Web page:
We spend a week on the Ducati Scrambler 1100, testing it in all conditions from highway to dirt... Review: Jeff Ware Photography: Heather Ware, Kris Hodgson
The Ducati Scrambler 1100 is a fun, torquey, comfortable and stylish all-rounder big bore naked that, considering the high spec running gear, is competitively priced at $17,990 + ORC. We recently spent a week riding the bike in all kinds of conditions, mostly on the back wheel!
Here is the written review, you can also see our Video Review, which is worth a look…
I have had so much fun the smaller Scrambler models over the years that the 1100 is a bike I have personally being hanging out to try. More torque, more power, it’s going to mean more fun…It was pouring rain when I grabbed the ’62 Yellow 1100 up from Ducati in Sydney and it felt a shame to take the spotless, near new beast out to get dirty…
I had a good look over the bike as I hadn’t seen one in the flesh, as Kris attended the Sydney Launch held at Young Henrys in Newtown, NSW.
The first thing that caught my eye was that gorgeous L-twin Desmoduo two-valver with the neat engine covers. It really is a beautiful lump of alloy. The large header pipes snake around to the twin alloy underslung mufflers and the brushed alloy engine shrouds look the part, as do the brushed alloy tank shrouds. In fact, there’s hardly any plastic to be seen at all…
THE RIDE – DUCATI SCRAMBLER 1100
Apart from being overall larger than the 800, the 1100 looks and feels familiar as I climb on board for the first time. The bike is wider than the 800, Ducati say the ‘bars are lower and further forward.
Compared to the 800, I feel more like I’m sitting on the 1100 rather than in it… I select City (same power as the 800, 75hp, with full torque and a soft throttle), and head off through town in the rain…
There are three modes, City, Journey and Active. DTC is multi adjustable or can be used with Ride Mode presets and it can also be switched off. The Bosch Cornering ABS is not switcheable.
Settling in for the trip home, it doesn’t take long to get comfortable on the 1100.
The reach to the wide ‘bars is natural and relaxed, the teardrop tank slim between the knees and the seat wide and comfy. The seat-to-footpeg distance is more cramped than I imagined and at 185cm, I was glad my legs were not any longer as I battled my way through the suburbs. The good news is, it didn’t get any worse than the first half hour and I got used to it by the end of the week…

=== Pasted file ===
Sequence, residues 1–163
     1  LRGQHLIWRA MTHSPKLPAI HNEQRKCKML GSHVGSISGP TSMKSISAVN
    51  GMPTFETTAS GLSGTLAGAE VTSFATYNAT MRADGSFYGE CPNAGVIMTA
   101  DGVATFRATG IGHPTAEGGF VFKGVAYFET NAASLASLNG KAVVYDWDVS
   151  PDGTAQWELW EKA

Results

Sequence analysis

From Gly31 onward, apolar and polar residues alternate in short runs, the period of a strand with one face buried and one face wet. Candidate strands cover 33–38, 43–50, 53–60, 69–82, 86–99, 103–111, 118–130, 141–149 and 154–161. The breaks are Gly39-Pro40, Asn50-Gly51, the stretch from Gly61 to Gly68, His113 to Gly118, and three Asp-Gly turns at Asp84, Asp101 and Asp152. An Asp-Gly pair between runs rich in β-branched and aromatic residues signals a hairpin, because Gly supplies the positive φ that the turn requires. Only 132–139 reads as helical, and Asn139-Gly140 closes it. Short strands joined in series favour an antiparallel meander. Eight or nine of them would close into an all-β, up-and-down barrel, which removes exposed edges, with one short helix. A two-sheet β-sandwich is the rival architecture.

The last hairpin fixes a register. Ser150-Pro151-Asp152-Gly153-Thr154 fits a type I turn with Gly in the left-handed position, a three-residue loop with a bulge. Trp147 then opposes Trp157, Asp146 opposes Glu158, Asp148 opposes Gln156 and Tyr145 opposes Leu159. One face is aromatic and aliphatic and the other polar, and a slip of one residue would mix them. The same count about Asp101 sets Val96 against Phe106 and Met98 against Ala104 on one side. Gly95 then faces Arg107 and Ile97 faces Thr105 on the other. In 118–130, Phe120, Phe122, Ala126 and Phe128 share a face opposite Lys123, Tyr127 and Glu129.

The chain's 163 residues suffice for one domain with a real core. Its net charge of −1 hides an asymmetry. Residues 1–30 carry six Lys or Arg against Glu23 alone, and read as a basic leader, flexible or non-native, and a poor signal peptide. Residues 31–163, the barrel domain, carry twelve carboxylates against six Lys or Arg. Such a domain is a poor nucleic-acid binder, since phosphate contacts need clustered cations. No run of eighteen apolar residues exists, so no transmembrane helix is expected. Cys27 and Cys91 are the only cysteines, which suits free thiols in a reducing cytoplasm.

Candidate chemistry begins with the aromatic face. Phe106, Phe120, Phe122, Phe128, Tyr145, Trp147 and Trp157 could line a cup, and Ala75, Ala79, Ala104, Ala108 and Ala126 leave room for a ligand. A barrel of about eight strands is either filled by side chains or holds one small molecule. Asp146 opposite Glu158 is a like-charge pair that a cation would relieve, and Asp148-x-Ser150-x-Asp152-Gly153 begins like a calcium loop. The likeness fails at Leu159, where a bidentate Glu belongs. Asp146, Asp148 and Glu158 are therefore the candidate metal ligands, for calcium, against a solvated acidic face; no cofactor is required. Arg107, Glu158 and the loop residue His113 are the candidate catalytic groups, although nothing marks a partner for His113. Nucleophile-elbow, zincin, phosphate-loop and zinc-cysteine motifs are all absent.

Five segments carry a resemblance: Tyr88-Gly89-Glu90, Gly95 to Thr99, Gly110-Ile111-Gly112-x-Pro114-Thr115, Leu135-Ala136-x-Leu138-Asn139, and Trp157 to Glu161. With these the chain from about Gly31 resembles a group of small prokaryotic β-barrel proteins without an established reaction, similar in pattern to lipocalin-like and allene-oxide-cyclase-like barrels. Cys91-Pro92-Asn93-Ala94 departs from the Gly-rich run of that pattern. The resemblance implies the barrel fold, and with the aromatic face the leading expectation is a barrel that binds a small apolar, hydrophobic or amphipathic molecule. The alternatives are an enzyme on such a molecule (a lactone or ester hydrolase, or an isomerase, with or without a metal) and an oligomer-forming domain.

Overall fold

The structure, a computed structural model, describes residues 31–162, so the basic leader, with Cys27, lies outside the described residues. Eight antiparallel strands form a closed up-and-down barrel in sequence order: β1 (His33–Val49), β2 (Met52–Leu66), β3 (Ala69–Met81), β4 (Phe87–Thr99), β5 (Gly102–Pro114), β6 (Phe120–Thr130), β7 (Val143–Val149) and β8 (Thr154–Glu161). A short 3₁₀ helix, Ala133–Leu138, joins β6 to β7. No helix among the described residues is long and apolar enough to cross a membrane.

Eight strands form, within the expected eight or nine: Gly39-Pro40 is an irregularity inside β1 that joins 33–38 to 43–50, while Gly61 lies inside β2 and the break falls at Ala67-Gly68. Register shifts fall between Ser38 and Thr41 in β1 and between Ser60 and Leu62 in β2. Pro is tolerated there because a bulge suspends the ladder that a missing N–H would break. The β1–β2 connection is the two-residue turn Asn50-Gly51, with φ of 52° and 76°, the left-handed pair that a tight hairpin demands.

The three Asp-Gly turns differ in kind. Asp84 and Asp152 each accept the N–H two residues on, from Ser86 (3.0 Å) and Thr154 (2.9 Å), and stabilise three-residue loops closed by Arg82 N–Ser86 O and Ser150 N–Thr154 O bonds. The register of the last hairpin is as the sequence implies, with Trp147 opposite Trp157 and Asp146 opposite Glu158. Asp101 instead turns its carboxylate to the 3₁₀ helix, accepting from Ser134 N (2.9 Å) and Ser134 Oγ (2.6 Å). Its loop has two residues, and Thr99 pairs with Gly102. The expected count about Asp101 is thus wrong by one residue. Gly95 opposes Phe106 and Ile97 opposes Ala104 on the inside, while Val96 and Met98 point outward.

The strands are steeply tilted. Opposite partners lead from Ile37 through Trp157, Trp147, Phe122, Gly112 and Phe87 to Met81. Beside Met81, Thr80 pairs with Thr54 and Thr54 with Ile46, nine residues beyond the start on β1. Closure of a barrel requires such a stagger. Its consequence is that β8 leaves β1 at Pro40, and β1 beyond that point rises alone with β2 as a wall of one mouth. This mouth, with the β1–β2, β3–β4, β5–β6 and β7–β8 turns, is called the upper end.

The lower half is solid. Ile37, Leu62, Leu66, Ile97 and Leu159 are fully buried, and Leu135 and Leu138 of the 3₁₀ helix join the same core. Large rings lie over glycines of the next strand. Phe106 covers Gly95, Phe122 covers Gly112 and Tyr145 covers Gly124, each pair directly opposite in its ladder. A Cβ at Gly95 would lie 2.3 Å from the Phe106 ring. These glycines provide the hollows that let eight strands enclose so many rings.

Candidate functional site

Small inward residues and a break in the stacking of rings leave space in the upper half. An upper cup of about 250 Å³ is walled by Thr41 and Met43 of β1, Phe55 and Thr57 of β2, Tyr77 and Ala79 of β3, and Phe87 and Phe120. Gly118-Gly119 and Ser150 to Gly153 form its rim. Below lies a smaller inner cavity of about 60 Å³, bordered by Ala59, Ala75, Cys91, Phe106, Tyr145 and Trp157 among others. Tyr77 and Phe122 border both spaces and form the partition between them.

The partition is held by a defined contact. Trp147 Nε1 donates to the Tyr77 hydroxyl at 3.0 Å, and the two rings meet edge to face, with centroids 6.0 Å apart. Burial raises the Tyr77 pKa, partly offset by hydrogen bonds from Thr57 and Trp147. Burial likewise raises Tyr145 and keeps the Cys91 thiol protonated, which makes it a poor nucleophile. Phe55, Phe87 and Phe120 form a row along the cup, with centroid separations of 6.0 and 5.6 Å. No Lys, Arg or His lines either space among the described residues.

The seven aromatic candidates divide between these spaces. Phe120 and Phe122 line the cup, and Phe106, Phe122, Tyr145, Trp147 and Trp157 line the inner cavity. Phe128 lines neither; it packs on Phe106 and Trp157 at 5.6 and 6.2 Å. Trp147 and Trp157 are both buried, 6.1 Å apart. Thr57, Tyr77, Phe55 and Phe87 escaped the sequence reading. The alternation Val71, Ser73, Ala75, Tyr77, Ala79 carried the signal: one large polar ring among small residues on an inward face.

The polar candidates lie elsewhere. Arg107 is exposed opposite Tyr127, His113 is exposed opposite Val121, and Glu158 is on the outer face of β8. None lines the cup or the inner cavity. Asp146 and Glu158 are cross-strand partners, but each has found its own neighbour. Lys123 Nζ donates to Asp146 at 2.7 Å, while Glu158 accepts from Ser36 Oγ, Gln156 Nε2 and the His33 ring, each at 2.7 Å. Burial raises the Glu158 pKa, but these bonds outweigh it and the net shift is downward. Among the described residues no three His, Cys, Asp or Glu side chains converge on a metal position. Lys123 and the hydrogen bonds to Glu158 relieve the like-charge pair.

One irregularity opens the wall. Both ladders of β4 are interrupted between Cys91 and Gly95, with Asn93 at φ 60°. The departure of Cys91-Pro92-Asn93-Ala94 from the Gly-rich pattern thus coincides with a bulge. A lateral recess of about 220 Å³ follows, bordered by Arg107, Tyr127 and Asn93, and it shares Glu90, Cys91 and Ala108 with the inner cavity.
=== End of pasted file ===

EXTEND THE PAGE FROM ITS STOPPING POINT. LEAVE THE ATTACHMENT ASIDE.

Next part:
Despite the wide ‘bars, the Scrambler 1100 is easy to lane filter on. I just wish the exhaust note was louder, it’d make the city more bearable rather than hearing the engine rattle away. There is a fair amount of heat on the inside of the right leg area to deal with in town, thanks to the pipes… But that is in jeans.
After refraining from switching the DTC off and wheelstanding the 1100 off every set of lights, I reach the M1 Motorway for the run home. It’s pissing rain. I flick the engine to Journey Mode (full power and torque, soft throttle delivery) and jump on the freeway. The 1100 ticks along smoothy at 110km/h-120km/h, in a bit of a sweet spot, however there is a fair amount of wind buffeting, even by nakedbike standards, this is part of living with an upright bike and the 1100 is still comfy enough on the slab sections.
When I get home, I crack a cold beer in the shed and have a think about the bike. I decide I could happily commute on it on a daily basis, putting up with the small negatives to gain the positives on the weekends, ones I was about to find out when the sun came out the very next day…
Waking up to sunshine, I smash a few coffee shots down and gear up for a ride and shoot. Playing commuter again until I reach the hills, I switch from Journey to Active for the first time and the 1100 wakes up. Time for some fun… Land of Joy, anyone?
The Pirelli’s work over a wide temperature operating range and on dirt and tarmac, and I’m confident with them almost immediately. In fact, I’m impressed by the feel and grip levels, boots skimming the tarmac almost immediately, plenty of warning on offer and the profile works great on the 1100. Sure, they move a bit, but the grip level is enough for fun and gives the off road option.
The bike steers fast enough, with plenty of leverage on offer and it is stable and predictive for an 18in front. Ducati know how to make a good chassis and this is no exception. Once I start to push on, the 1100 feels lighter than it is, is giving good feedback from both ends, feels natural and confident in the corners and, most importantly, it has that magic ingredient called grin factor. I’ve read some reports of a vague front but I found it communicative and sure-footed.
The brakes have strong power with progressive bite and good feel at the front thanks to the premium M4 calipers, while the rear brake could be more powerful for my liking, it’s more than up to the task with some extra input. The suspension is adjustable for rebound and preload at the rear only. This is not an issue most of the time but on some sections with sharper bumps, it would be nice to dial in the comp to take some of the hit out of it, which can briefly unsettle the bike. On smooth stuff, the suspension is brilliant and the bike really well supported, on or off the brakes. The forks are fully adjustable but I leave them alone.